Erasure coding for big-data systems: Theory and Practice

Rashmi K. Vinayak
Postdoctoral researcher, UC Berkeley
Date: Oct. 7th, 2016


Erasure codes are being increasingly deployed as an alternative to data replication in large-scale distributed storage systems to achieve fault tolerance in a storage-efficient manner. This paradigm shift has opened up exciting challenges and opportunities both on the theoretical as well as the system-design fronts. Specifically, while traditional codes are optimal in utilizing storage space, they significantly increase the usage of other important cluster resources such as network and device I/O. Furthermore, the usage of codes has primarily been limited to achieving space-efficient fault tolerance for storing "cold'' (less-frequently accessed) data, beyond which the potential of codes in big-data systems is largely unexplored.

We present new code constructions, and design and build erasure-coded storage systems, which provably reduce the usage of network and device I/O by a significant amount while not compromising on storage efficiency. Our codes have been evaluated on Facebook's data warehouse cluster in production, and will be a part of the next release of Apache Hadoop. Furthermore, we explore new avenues for coding in big-data systems, in particular for "hot'' (frequently accessed) data, by showing how codes can be employed to achieve significant benefits in load balancing and reducing latency in data-intensive cluster caches.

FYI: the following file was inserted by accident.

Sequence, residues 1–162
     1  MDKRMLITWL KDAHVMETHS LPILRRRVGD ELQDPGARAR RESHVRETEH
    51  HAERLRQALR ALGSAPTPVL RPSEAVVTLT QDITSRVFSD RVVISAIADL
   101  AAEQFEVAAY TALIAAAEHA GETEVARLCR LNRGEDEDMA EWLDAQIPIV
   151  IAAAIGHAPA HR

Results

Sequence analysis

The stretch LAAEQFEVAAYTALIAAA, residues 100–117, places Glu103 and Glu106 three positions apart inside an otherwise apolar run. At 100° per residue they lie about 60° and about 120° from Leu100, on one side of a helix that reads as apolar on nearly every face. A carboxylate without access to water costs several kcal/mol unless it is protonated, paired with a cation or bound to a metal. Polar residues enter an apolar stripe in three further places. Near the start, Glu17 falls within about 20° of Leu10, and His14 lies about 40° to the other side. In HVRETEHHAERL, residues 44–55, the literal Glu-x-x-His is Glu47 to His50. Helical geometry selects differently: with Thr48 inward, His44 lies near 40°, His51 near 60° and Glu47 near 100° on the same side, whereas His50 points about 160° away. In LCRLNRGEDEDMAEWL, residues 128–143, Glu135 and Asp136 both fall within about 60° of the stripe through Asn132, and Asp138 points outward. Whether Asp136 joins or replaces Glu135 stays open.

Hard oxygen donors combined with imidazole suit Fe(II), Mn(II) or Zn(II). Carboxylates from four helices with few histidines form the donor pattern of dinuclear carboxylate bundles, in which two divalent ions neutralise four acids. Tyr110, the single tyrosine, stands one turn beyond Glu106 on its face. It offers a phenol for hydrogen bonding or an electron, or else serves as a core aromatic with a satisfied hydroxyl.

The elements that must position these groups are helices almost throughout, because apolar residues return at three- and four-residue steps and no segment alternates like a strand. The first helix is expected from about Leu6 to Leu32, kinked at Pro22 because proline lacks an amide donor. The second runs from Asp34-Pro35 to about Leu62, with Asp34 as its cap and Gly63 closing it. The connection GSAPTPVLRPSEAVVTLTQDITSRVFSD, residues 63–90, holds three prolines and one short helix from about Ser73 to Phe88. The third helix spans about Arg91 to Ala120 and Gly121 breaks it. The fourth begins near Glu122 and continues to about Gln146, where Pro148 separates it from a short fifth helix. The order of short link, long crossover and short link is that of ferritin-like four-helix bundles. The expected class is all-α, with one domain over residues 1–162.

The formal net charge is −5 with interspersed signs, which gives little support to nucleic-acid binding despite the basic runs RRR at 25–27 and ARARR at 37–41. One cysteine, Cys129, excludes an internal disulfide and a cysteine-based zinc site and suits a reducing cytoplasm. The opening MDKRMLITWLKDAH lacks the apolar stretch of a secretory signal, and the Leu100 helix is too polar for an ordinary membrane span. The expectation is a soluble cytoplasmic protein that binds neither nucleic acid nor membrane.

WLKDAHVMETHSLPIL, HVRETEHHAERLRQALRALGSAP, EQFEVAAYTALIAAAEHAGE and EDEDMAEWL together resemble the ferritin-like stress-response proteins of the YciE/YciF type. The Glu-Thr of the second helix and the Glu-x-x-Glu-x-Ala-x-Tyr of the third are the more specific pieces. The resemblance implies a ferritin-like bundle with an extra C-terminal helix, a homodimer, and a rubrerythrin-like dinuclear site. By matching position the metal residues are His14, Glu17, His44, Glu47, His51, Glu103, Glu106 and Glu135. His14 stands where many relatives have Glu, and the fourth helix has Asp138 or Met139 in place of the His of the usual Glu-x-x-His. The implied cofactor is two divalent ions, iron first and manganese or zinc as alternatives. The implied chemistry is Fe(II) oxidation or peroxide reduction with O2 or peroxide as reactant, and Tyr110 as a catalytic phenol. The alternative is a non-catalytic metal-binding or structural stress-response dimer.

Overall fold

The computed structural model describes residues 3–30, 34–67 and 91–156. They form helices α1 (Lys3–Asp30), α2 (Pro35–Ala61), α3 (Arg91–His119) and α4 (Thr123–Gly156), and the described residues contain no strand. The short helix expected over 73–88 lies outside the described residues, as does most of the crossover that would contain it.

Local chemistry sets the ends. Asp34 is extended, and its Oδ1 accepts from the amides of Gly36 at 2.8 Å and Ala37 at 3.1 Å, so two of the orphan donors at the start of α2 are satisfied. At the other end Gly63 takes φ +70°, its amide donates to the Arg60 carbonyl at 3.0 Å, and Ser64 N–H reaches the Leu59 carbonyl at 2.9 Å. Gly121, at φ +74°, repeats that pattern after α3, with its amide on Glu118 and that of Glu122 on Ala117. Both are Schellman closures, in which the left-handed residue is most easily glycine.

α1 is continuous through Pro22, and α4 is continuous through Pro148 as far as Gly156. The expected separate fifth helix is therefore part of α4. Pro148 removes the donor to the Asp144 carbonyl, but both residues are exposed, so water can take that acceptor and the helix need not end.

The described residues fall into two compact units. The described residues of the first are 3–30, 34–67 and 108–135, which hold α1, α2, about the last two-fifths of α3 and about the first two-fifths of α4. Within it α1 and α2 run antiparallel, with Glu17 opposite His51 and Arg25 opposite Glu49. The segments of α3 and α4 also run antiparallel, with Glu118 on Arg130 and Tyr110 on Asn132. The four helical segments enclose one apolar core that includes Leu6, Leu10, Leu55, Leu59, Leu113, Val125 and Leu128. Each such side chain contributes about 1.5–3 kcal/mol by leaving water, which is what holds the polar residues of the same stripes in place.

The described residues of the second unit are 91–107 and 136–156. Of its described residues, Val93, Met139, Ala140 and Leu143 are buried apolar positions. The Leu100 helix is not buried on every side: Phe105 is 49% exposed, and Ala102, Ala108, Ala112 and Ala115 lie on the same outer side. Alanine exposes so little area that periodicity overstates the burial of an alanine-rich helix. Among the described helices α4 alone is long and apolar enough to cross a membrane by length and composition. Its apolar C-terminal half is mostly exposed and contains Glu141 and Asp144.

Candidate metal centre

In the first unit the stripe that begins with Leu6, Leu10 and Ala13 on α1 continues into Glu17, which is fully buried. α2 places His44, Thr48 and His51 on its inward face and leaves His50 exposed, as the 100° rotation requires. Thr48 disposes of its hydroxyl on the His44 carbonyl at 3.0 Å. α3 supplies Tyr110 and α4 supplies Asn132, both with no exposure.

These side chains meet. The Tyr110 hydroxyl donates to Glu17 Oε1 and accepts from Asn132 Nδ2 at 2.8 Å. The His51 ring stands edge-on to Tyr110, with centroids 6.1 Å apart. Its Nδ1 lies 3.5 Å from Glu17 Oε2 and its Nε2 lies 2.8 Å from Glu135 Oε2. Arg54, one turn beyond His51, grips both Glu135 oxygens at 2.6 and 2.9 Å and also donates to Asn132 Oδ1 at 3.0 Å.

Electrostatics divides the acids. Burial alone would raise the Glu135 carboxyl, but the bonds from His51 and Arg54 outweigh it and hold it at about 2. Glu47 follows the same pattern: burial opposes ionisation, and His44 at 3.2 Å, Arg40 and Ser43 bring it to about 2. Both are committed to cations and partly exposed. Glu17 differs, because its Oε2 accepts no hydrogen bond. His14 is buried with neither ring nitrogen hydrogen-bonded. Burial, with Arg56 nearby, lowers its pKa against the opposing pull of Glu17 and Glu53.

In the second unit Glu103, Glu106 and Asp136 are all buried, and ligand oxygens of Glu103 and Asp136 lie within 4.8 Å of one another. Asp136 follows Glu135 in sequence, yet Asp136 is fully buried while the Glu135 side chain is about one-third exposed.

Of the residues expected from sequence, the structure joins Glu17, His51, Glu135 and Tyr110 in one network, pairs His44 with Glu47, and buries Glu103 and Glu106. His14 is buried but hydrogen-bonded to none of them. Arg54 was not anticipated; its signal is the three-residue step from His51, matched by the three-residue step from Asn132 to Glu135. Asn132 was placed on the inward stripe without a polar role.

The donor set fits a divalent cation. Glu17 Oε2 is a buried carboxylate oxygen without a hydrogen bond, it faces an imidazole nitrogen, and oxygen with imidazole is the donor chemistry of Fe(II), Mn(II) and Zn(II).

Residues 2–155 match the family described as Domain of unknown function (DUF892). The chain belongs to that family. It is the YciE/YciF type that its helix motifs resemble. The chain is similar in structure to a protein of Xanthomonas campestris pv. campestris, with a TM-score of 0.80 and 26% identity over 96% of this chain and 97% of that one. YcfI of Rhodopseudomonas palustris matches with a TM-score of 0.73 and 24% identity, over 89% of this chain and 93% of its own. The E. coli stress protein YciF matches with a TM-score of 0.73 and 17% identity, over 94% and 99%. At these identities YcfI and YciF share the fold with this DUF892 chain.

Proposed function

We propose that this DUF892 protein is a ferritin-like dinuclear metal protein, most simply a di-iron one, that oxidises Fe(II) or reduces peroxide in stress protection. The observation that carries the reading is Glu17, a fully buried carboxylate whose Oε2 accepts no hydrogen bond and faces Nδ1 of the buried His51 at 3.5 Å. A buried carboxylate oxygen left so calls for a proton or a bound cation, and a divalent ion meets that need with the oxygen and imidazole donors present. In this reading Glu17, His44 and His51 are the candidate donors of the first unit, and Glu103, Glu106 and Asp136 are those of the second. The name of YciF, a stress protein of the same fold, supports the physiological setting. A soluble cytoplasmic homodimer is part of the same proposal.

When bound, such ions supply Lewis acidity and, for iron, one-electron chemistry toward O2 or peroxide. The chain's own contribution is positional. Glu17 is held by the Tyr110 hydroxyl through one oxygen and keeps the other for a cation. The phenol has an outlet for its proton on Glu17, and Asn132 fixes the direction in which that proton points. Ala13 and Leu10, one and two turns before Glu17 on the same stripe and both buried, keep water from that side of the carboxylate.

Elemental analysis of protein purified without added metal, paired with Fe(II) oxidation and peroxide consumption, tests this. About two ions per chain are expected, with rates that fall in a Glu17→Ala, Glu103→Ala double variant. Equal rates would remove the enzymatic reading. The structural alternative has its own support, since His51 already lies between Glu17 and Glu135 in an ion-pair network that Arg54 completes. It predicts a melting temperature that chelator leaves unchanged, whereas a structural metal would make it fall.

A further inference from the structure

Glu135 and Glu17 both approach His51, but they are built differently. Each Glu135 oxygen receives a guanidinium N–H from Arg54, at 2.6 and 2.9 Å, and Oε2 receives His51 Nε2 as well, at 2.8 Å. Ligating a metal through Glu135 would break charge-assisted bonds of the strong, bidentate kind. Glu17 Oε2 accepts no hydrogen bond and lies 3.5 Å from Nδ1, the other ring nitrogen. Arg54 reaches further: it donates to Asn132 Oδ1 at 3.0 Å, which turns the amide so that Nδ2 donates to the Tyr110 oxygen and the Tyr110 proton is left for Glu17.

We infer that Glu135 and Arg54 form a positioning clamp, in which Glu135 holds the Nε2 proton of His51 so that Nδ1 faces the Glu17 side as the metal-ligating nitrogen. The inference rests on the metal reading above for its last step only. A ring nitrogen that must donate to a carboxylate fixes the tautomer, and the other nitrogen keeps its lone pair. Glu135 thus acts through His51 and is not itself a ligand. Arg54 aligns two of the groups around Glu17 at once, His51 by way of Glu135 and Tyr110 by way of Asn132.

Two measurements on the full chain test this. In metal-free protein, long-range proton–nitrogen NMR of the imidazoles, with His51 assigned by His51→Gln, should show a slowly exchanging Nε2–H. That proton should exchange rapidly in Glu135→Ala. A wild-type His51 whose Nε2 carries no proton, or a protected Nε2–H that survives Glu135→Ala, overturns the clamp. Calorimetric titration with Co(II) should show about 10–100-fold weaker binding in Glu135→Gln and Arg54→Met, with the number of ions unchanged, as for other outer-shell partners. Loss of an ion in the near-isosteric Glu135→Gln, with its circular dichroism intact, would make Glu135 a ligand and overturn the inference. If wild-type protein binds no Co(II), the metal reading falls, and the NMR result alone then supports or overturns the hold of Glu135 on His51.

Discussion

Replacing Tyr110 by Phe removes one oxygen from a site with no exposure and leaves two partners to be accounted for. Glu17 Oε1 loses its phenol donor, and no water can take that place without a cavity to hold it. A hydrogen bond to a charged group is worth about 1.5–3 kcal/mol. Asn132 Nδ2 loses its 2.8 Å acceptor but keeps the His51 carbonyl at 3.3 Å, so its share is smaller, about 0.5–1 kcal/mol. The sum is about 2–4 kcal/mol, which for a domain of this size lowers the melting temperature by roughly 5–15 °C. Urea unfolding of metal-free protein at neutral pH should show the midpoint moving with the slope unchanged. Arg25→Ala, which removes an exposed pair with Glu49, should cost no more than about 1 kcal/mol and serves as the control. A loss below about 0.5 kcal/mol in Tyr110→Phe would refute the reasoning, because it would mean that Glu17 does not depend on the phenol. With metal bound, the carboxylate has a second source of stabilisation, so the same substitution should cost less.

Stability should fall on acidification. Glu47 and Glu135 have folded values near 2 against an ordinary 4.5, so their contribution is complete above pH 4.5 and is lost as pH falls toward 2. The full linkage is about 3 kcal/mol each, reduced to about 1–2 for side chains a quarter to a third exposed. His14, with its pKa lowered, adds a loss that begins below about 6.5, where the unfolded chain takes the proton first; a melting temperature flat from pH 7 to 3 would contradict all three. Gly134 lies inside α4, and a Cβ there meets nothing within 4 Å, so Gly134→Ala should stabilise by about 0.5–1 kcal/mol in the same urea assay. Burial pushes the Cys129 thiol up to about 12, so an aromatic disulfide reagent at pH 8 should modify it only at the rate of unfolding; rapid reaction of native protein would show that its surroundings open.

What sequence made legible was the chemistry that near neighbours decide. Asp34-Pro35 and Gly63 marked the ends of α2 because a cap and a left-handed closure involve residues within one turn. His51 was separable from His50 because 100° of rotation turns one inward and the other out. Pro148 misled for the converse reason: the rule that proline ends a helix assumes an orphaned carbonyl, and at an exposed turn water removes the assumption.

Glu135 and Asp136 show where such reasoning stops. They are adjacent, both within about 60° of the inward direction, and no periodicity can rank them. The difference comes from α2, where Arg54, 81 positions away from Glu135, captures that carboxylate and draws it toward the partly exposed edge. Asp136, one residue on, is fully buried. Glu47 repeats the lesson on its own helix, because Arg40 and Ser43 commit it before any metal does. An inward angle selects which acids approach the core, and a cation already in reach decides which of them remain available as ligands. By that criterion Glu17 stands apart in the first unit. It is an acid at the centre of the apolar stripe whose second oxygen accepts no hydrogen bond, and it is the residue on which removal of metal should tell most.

Rashmi K. Vinayak is a postdoctoral researcher at UC Berkeley working with Prof. Ion Stoica (AMPLab) and Prof. Kannan Ramchandran (BLISS). She received her PhD from UC Berkeley in September 2016. She is a recipient of the the Eli Jury Award 2016 from EECS, UC Berkeley for outstanding achievement in the area of systems, communications, control, or signal processing, the Google Anita Borg Memorial Scholarship 2015-16, the Microsoft Research PhD Fellowship 2013-15, the Facebook Fellowship 2012-13, and the IEEE Data Storage Best Paper and Best Student Paper Awards for 2011 and 2012. Her research interests lie in the theoretical and system challenges that arise in storage and analysis of big data, with a current focus on erasure coding for big-data systems.